The performances of Taylor and her co-stars are passionate, powerful and even a bit theatrical and over the top at times. But they’re also riveting. And part of a long-gone era of both acting and studio filmmaking. If I were a studio executive, while I’d have a hard time greenlighting such an extravagant production myself, as a film buff, I’m glad that there was an era where epics were part of Hollywood and that we can still enjoy them today.
As for Ms. Taylor, again, with “Cleopatra” she showed us what a real movie star in a bigger than life role is all about. Rest in peace.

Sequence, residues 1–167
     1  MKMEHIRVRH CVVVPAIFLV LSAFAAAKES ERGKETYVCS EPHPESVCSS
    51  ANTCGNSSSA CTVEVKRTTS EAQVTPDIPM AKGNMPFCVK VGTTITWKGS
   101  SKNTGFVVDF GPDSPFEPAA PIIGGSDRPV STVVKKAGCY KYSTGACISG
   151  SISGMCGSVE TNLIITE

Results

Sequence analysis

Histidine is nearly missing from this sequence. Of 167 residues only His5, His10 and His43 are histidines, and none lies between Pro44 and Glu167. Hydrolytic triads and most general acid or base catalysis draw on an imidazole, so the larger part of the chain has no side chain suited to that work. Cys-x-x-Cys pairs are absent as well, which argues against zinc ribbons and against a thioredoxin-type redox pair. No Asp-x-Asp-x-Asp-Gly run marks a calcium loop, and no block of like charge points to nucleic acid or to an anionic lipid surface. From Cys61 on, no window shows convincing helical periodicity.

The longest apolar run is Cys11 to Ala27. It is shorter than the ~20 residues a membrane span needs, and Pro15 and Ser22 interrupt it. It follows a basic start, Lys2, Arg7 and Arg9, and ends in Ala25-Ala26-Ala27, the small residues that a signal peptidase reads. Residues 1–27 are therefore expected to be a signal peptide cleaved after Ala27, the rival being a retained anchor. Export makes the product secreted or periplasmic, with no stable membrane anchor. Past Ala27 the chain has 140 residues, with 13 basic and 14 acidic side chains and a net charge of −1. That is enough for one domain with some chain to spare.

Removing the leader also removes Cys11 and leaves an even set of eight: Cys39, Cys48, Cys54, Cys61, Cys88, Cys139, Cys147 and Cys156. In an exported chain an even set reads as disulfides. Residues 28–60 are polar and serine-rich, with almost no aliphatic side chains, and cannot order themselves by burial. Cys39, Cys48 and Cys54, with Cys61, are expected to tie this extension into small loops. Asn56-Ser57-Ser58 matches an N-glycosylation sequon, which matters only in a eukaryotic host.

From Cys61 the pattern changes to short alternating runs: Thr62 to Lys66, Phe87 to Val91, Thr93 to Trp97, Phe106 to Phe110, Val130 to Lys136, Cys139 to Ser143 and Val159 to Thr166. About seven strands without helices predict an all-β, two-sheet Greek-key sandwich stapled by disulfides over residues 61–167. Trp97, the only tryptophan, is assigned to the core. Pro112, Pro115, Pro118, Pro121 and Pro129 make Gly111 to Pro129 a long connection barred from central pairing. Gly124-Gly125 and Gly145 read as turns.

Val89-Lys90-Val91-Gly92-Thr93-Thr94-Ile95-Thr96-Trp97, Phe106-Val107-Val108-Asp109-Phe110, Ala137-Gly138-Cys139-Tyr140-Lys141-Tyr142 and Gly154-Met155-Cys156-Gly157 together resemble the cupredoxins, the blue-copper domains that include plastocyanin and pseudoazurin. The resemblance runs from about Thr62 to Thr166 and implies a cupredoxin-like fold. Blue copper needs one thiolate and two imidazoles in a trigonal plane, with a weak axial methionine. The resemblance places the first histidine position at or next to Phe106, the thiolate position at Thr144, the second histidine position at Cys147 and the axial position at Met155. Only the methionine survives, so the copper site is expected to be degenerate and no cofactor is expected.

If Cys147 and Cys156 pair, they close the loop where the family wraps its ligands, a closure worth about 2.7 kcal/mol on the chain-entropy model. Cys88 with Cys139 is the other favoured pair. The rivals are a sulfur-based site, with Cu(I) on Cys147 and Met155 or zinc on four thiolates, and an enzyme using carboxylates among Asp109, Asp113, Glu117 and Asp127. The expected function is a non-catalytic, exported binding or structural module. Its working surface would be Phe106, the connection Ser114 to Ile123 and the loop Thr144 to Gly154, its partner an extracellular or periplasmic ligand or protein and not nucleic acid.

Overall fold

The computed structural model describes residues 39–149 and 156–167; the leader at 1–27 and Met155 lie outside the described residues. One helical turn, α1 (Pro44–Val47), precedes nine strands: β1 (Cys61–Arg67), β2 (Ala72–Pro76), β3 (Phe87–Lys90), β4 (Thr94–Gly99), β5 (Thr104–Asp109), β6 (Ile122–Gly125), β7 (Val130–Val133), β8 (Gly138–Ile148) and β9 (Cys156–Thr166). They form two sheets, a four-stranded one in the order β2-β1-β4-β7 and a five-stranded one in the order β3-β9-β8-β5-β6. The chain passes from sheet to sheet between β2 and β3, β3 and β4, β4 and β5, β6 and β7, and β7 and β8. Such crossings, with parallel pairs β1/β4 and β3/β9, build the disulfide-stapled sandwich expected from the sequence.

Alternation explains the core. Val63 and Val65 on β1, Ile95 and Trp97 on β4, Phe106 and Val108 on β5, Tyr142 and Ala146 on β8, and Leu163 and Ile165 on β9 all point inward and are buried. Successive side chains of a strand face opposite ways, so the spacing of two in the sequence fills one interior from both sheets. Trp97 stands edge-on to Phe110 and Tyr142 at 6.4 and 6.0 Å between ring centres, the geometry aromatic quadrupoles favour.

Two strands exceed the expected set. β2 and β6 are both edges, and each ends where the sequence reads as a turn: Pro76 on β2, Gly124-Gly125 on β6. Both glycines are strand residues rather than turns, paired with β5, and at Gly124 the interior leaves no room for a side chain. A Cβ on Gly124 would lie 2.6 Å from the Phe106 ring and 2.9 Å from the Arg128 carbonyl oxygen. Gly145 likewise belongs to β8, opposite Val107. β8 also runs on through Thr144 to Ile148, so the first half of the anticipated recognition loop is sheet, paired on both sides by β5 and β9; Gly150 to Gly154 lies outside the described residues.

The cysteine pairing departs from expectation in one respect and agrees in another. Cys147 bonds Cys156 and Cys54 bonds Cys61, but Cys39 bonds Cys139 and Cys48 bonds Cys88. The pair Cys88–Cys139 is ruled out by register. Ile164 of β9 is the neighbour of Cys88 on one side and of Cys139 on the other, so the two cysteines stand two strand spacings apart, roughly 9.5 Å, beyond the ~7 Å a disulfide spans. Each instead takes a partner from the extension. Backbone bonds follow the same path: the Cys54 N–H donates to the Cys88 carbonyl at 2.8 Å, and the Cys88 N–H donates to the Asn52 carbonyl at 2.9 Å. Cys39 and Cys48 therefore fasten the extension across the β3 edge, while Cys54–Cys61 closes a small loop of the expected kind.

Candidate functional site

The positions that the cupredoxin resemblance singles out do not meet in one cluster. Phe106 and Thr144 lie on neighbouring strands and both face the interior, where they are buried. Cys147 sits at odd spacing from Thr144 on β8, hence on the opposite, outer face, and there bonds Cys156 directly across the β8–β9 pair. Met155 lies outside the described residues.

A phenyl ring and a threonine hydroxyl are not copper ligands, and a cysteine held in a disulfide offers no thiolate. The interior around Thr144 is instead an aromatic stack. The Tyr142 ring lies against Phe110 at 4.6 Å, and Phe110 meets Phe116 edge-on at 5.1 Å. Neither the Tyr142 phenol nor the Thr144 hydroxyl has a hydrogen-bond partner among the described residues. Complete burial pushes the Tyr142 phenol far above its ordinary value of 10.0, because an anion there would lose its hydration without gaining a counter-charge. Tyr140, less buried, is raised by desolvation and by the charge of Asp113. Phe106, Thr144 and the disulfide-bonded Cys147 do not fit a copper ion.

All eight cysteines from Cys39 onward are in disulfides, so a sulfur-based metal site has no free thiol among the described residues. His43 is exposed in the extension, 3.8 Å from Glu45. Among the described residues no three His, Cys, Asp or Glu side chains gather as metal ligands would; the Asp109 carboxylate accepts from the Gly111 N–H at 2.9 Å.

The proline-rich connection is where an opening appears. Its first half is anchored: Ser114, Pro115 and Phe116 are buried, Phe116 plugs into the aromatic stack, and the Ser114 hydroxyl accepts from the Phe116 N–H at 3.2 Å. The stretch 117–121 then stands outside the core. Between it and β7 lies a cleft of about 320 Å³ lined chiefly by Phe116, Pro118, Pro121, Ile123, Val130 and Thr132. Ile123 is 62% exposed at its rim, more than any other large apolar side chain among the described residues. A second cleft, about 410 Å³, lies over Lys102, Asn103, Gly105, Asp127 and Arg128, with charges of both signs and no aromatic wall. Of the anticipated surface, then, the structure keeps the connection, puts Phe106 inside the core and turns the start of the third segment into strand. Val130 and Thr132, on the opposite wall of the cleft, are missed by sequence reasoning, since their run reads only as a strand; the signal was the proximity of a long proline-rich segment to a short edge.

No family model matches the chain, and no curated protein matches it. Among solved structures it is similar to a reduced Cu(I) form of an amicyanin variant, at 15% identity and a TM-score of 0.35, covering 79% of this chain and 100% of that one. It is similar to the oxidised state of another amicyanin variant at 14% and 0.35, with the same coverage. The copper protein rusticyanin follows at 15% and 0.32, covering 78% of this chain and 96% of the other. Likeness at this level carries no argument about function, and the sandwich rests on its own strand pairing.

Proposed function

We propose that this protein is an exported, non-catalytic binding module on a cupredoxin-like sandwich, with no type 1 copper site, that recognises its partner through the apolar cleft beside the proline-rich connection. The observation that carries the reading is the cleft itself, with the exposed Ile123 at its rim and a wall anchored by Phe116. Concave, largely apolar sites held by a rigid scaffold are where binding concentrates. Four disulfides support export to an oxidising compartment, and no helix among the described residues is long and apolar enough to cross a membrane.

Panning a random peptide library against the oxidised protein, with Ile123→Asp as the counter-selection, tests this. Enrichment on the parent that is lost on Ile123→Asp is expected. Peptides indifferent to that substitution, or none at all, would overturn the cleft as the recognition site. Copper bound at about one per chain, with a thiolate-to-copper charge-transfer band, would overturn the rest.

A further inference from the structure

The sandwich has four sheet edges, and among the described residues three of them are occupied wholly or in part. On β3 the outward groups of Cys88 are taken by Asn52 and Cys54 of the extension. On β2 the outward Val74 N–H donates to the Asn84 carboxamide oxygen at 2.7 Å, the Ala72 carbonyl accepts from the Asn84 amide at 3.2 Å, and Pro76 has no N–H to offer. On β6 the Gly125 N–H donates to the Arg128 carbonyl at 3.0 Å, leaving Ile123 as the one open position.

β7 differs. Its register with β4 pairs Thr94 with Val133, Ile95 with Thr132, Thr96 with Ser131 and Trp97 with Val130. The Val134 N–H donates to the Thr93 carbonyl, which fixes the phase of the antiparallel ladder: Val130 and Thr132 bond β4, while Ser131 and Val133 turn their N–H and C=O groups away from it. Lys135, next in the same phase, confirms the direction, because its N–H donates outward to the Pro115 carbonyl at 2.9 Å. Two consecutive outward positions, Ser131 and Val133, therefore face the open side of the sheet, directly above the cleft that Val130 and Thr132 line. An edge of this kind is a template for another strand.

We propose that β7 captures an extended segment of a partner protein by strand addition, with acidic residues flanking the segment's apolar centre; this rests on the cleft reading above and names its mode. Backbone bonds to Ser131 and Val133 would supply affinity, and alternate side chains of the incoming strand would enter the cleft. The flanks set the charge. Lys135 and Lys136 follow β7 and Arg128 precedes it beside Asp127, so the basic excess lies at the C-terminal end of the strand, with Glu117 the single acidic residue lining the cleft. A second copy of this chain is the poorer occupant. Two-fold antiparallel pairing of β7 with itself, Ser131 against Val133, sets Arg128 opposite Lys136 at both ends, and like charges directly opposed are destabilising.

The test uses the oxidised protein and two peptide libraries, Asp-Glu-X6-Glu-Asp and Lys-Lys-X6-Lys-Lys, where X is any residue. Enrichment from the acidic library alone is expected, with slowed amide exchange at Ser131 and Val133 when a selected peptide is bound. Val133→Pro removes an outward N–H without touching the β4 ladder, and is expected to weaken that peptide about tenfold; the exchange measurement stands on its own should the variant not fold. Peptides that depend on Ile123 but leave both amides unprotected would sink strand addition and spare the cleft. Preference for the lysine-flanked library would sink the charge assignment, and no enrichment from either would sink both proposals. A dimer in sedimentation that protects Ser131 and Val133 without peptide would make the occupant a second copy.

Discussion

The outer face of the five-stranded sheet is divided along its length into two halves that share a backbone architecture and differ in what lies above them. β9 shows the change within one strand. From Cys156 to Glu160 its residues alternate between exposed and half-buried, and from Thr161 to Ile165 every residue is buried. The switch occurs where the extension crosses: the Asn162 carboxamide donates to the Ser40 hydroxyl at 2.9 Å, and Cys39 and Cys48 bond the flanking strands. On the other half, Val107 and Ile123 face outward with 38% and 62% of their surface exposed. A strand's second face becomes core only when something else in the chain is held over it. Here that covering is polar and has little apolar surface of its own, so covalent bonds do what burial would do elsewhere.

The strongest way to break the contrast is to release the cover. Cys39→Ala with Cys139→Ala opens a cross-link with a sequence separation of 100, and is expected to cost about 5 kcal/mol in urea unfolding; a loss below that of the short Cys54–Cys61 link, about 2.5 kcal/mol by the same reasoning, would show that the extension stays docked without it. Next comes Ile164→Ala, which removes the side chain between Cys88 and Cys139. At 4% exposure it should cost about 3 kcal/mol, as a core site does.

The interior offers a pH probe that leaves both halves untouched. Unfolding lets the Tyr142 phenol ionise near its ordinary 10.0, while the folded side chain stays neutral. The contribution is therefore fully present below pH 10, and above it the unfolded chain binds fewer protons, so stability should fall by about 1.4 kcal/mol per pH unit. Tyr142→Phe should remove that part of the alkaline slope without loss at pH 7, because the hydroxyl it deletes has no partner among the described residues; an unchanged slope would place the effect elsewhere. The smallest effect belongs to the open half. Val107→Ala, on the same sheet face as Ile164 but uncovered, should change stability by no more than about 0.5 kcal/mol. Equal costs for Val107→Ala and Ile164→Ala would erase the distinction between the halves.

It's easy to like the folks at the Hallmark Channel. They've been producing a lot of great ratings-grabbing family-friendly original movies that have made the cable network grow by leaps and bounds. And I see those productions as providing much-needed jobs in our industry. Because these days, every little bit helps.
The broadcast networks got out of the original movie business a long time ago, and so it seems Hallmark is filling the void in a big way.
Recently there have been big announcements from Hallmark Channels, with the emphasis on their original productions (mostly shot in the U.S.). The Hallmark Channel and spin-off Hallmark Movie Channel, intends to reposition itself under the umbrella title Crown Media Networks. This year, Crown Media will present a whopping 25 Hallmark Channel original movies, mostly holiday-themed, which has worked very well for the network.